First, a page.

NEW YORK: Coffee is beneficial for health we all know, but unused coffee bean extracts can also help reduce fat-induced inflammation in the cells and improved glucose absorption and insulin sensitivity, find researchers.
When coffee beans are processed and roasted the husk and silverskin of the bean are removed and unused, and often are left behind in fields by coffee producers.
Food science and human nutrition researchers at the University of Illinois have discovered inflammation-fighting phenolic compounds — protocatechuic acid and gallic acid — in the silverskin and husk of coffee beans not only for their benefits in alleviating chronic disease but also in adding value to would-be ”waste” products from the coffee processing industry.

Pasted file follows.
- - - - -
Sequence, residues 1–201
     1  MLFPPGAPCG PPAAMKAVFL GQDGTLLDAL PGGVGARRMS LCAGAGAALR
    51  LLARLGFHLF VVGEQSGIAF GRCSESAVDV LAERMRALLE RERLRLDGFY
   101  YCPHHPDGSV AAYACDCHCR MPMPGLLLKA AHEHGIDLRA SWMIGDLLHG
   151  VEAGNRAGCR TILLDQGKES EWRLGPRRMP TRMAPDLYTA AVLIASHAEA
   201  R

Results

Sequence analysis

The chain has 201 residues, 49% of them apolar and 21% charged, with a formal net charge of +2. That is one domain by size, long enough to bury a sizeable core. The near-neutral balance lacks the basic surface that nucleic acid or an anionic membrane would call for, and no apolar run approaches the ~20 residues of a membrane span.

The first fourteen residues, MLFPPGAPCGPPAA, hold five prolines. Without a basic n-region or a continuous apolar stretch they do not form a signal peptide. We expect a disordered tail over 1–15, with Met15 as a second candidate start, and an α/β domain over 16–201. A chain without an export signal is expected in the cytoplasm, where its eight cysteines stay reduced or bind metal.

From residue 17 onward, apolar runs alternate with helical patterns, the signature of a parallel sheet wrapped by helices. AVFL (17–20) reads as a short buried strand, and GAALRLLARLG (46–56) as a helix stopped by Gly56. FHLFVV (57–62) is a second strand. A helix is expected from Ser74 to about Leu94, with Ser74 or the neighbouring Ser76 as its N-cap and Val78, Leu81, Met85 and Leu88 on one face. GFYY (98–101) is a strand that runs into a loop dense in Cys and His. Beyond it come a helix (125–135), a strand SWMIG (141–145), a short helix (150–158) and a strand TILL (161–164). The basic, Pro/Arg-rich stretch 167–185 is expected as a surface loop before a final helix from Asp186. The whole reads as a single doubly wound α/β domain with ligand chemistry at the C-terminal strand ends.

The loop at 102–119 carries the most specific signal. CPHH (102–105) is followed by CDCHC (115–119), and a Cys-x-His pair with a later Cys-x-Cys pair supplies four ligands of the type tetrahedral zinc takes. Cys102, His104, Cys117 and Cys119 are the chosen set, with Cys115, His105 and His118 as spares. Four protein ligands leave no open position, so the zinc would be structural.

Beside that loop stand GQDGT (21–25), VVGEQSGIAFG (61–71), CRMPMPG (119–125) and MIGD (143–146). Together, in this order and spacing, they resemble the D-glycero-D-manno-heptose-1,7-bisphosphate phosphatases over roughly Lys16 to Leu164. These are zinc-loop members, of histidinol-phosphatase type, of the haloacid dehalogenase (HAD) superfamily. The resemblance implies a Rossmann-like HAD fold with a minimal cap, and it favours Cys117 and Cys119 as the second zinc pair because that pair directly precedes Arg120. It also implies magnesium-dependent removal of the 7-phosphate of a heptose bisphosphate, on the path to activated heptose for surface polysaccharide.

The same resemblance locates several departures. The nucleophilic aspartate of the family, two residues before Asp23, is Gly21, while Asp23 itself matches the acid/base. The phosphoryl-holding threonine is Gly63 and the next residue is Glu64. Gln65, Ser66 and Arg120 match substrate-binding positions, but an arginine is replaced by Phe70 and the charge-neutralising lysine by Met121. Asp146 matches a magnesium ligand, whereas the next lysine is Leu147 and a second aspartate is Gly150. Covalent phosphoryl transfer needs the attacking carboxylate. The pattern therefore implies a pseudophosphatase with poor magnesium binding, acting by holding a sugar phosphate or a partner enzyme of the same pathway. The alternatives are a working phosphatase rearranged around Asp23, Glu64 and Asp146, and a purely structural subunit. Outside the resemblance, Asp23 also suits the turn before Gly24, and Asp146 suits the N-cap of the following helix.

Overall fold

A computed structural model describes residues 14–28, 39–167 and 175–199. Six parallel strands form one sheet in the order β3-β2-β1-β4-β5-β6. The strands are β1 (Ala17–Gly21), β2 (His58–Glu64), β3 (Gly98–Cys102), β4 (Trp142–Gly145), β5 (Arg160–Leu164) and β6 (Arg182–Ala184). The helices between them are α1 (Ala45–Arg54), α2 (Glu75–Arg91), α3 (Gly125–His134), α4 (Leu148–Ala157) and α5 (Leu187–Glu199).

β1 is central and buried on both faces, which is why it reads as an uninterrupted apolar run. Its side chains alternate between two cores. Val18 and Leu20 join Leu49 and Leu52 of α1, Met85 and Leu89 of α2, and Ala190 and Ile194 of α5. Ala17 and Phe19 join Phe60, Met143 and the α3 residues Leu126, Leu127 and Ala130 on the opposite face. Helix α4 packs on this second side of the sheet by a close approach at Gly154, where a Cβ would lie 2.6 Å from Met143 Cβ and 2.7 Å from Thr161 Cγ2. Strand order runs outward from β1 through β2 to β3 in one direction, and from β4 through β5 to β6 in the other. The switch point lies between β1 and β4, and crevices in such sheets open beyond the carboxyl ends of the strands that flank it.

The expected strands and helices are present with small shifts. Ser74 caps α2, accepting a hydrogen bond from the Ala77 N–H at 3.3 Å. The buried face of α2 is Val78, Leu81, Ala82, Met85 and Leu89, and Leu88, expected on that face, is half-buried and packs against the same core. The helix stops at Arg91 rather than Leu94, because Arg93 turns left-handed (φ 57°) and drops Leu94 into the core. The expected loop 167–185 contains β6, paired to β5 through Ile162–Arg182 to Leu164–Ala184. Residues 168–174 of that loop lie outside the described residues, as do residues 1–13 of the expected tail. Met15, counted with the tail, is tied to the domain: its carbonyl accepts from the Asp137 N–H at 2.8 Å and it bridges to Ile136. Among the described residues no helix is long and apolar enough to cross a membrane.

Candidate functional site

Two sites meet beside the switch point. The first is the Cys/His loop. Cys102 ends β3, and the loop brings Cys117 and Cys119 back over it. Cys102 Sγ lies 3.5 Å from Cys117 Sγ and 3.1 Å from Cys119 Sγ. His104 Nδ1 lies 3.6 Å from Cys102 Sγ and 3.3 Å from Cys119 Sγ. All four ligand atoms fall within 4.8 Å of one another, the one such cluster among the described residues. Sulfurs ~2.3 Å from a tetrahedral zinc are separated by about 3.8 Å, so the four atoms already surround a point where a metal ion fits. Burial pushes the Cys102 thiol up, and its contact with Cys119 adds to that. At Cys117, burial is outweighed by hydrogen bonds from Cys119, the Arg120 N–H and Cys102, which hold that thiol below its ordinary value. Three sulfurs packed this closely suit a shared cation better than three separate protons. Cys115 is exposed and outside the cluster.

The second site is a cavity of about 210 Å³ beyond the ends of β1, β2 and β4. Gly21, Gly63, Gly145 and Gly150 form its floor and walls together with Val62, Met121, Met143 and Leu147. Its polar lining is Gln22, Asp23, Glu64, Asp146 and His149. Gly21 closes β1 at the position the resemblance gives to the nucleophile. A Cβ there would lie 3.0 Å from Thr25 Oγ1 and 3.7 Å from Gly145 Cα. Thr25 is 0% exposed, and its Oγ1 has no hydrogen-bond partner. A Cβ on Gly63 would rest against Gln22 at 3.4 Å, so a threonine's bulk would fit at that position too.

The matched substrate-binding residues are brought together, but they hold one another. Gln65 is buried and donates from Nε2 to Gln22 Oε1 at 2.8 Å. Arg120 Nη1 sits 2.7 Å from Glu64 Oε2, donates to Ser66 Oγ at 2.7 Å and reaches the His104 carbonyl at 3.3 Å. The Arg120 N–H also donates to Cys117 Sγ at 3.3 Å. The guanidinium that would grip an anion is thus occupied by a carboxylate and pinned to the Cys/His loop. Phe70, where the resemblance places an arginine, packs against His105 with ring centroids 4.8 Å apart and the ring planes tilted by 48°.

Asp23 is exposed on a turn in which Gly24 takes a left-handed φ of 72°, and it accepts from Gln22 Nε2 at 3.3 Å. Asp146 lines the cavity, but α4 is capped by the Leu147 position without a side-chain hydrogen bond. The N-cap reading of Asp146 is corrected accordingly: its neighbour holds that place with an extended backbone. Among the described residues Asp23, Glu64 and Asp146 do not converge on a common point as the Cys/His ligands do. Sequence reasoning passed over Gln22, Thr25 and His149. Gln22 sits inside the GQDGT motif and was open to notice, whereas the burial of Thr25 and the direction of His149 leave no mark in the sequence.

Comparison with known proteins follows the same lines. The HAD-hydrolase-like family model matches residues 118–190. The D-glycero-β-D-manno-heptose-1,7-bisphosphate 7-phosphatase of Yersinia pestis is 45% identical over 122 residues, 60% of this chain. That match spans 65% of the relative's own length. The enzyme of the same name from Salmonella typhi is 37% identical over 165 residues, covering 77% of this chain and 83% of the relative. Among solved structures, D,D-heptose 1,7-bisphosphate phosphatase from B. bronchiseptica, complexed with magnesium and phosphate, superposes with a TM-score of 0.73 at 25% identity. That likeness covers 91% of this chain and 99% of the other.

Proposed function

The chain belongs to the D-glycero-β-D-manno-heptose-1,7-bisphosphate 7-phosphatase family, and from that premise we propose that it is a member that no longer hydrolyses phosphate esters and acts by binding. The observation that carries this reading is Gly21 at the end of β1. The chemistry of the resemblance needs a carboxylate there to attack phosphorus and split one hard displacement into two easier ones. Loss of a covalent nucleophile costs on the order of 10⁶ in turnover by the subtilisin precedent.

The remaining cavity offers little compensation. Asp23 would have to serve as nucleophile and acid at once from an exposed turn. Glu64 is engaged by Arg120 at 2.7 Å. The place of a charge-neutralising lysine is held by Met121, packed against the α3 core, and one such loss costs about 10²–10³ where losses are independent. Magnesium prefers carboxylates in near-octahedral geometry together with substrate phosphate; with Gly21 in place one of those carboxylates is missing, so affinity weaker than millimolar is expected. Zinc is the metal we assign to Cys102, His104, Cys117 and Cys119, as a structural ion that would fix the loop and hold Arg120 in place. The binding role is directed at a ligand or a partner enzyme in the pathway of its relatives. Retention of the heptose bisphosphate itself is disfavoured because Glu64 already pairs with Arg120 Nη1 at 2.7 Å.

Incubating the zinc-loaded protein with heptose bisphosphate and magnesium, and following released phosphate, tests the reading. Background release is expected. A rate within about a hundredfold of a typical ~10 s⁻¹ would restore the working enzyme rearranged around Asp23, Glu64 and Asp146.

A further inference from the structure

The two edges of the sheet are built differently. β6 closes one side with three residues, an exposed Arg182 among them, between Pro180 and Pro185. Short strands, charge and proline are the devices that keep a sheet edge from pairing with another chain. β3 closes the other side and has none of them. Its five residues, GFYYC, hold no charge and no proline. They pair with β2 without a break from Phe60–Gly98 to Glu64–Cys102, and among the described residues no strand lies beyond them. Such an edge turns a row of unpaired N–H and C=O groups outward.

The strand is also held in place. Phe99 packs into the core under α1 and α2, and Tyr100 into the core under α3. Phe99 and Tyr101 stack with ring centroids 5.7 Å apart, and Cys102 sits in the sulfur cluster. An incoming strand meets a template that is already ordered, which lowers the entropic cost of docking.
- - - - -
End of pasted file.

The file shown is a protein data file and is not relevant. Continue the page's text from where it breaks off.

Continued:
“This material from coffee beans is interesting mainly because of its composition. It’s been shown to be non-toxic. And these phenolics have a very high antioxidant capacity,” said Elvira Gonzalez de Mejia, Professor of food science and co-author of the study published in Food and Chemical Toxicology.